Dolph Goldenburg

On the note of tax policy, what is your take? Changes in taxation and “tax reform” over the last four years made it more likely for individuals to take the standard deduction. So it removed the incentive for individuals to donate to nonprofits. Do you think there’s going to be other changes in tax policy that could impact nonprofits?

Dennis Young

Well, as you said, we know the Republican position is that the more tax cuts the better, which can have a negative effect on giving. I was looking for some bright sides somewhere; the new Cares Act does allow people who are taking the standard deduction to take a deduction above the standard. So that might bring in more potential donors. 

The debate around tax policy usually revolves around lowering the tax burden for certain populations. But the nonprofit sector is often collateral damage. Changes in tax policy don’t intentionally hurt nonprofits. But lowering taxes lowers the incentive to give and higher taxes increase the incentive to give. Higher taxes also increase government revenue that can go toward supporting nonprofits. 

There are some areas where collateral damage can be ameliorated. For example, agreements on above the line deductions. But I think a new administration would have more effects on giving than the Trump administration.

Dolph Goldenburg

What about impacts to public service?

Dennis Young

Well, there’s a lot to be done in terms of health care, economic and social inequality, education, affordable housing, and putting the economy back together after the pandemic. A democratic administration, especially if the Senate flips, would be more likely to make major new program investments. Maybe even to degrees we’ve rarely seen in the past. 

Lyndon Johnson’s programs greatly increased services in the 1960s but didn’t bloat the size of the government. Lester Salamon referred to this as a third-party government. The government was involved in financing and defining the new programs, but a lot of the services were carried out by nonprofits. So that was a major period of nonprofit expansion. A democratic government might do this for us again. The government is going to need help addressing a lot of issues, and nonprofits are positioned to do a lot of that work.

Dolph Goldenburg

Nonprofits being contracted to do that work is more palatable for the vast majority of Americans over a private entity doing it. Would you see us moving toward that third party government?

Dennis Young

We’ve never really left it. In the United States we have found that to be a comfortable agreement. The government takes responsibility to make sure that the goals are correct and the resources are available. And the nonprofits, which have the local connections and the expertise, are engaged to do the best possible job.

Dolph Goldenburg

So it does sound like there is a lot at stake for the nonprofit sector and for nonprofits. Though, as you point out, it’s not a monolithic sector. On the whole, we have to decide if we want a society that enables nonprofits to thrive or a society that chooses which nonprofits thrive and which ones go away.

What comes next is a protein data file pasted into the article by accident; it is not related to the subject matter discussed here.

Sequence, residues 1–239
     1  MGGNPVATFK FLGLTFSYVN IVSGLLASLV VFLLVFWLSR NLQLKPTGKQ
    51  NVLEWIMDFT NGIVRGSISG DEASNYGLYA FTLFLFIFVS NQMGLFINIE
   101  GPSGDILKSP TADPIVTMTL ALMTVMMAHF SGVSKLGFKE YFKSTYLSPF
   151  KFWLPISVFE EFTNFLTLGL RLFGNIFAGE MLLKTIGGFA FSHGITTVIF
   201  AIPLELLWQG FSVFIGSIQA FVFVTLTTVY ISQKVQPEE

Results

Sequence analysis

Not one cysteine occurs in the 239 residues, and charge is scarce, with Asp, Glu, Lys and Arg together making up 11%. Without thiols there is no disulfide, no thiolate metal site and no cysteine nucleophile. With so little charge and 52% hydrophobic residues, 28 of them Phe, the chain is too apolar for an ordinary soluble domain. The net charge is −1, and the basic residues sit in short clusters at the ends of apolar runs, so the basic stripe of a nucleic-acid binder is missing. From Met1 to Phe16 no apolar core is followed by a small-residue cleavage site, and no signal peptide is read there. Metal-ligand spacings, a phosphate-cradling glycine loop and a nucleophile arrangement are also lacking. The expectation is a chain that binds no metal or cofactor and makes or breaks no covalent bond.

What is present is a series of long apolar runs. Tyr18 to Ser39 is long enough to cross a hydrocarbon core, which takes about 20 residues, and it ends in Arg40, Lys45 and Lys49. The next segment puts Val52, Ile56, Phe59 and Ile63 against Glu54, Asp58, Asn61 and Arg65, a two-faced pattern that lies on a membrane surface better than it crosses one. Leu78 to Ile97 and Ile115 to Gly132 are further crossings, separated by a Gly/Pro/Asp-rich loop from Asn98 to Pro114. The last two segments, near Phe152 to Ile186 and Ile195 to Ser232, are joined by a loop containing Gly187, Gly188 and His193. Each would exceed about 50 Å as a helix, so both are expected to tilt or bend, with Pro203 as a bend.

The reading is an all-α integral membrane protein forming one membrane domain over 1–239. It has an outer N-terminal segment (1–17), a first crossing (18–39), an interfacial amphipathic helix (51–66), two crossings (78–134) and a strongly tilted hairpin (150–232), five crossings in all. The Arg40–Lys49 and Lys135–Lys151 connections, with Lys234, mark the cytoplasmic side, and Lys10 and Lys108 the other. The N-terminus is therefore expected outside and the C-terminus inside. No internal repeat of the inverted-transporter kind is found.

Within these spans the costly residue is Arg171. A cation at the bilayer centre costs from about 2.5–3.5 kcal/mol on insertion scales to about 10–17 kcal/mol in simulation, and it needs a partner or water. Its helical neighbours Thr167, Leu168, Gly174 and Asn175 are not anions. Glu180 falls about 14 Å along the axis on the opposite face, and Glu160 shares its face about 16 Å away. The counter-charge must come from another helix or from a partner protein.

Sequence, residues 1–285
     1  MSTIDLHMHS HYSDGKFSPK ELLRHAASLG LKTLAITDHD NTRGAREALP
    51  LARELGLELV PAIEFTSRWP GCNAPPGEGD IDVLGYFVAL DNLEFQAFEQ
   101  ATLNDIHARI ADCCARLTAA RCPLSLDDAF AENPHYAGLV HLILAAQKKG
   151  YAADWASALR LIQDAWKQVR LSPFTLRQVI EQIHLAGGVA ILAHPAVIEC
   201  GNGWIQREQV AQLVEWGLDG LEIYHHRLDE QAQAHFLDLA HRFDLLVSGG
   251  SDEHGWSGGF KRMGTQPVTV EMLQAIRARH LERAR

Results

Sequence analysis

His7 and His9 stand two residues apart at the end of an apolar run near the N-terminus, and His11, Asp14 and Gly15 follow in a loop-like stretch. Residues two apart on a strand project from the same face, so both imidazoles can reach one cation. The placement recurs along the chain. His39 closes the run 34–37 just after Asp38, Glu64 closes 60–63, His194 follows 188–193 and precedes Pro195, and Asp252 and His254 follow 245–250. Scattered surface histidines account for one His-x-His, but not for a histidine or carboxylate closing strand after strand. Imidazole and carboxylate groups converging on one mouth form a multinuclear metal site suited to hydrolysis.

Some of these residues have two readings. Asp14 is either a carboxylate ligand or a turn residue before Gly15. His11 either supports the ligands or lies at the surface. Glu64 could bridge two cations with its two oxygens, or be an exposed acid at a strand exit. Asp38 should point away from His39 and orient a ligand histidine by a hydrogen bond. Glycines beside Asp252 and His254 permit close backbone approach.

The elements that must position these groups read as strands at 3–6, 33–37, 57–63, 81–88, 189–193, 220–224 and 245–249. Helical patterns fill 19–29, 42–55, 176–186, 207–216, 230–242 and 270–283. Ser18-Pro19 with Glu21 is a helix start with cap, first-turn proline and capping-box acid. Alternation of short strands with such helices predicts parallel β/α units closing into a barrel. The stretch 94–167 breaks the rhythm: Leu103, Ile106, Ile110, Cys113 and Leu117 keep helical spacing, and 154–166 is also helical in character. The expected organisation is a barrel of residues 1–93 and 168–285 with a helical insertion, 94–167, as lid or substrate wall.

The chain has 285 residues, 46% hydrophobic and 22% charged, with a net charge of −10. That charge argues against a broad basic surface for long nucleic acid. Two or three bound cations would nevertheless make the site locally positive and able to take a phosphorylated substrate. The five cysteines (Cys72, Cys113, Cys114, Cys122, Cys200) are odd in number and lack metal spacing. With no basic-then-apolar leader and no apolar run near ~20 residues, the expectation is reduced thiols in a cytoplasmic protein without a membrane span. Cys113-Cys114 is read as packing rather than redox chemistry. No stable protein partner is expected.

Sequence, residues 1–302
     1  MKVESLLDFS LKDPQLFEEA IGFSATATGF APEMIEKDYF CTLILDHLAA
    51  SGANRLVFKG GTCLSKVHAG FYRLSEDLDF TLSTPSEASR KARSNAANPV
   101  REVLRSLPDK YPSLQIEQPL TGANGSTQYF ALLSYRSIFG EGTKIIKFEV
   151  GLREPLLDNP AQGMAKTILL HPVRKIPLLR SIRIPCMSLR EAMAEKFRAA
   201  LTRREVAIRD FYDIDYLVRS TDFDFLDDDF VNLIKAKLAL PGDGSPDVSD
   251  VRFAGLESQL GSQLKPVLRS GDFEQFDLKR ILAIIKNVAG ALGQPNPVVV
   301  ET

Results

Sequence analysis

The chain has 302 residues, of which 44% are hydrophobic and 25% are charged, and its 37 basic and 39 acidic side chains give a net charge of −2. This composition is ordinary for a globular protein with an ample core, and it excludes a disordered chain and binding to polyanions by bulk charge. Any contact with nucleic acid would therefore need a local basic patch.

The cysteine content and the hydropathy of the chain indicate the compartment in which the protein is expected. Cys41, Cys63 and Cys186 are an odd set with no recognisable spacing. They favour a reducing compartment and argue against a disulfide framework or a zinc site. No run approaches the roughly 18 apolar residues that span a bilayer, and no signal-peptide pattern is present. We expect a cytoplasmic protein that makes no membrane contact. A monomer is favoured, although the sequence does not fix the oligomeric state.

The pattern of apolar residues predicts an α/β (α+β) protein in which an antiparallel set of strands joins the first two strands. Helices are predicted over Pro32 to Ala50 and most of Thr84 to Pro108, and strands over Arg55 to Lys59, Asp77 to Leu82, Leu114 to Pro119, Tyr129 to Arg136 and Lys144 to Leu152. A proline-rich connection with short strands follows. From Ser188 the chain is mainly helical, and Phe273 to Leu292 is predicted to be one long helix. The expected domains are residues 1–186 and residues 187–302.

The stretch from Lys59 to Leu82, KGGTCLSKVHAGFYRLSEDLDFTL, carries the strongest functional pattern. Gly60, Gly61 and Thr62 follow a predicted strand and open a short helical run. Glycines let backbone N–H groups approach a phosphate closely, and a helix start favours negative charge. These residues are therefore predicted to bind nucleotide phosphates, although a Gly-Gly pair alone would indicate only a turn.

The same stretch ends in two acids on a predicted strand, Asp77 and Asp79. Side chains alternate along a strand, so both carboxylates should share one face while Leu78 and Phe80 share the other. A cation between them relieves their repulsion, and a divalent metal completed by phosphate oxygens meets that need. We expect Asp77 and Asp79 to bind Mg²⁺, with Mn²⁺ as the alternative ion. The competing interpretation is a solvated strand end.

Dennis Young

There’s certainly going to be a difference between the two when it comes to certain services. It’s important and productive for the government and nonprofits to be partners to address a lot of issues like health care and education. If those areas are neglected, then nonprofits won’t have the strength or resources to address those problems and thus they won’t be solved. 

Dolph Goldenburg 

Absolutely. Dennis, I am so grateful we got to talk today. Thank you so much.

Dennis Young

Thank you for the opportunity. It’s been fun.

Dennis Young is the author and editor of several books and journals on nonprofit management, finance and economics. He is also the founder of the Supplementary Complimentary and Adversarial Framework. It has now guided researchers and practitioners for decades.

If you would like to learn more about this issue and others facing the nonprofit sector, then visit the National Center on Nonprofit Enterprise. The NCNE aims to help nonprofits make wise economic decisions. Individual and organizational memberships are available. With one, you will have access to articles that share practical tips to help nonprofits thrive. Some of these are even by Dennis! NCNE also offers training, consultation and the occasional conference.

Also check out the National Policy Forum Journal, which Dennis edits. This journal offers free articles on public policy issues that are critical to the work of nonprofits.

Finally, if you are looking into 2021 and are worried about what the year might look like, then make sure you check out our group and individual coaching services.

Additionally, check out the following Successful Nonprofits® resources if this post was helpful:

Podcast: Create Lasting Change Through Advocacy with Tanya Tassi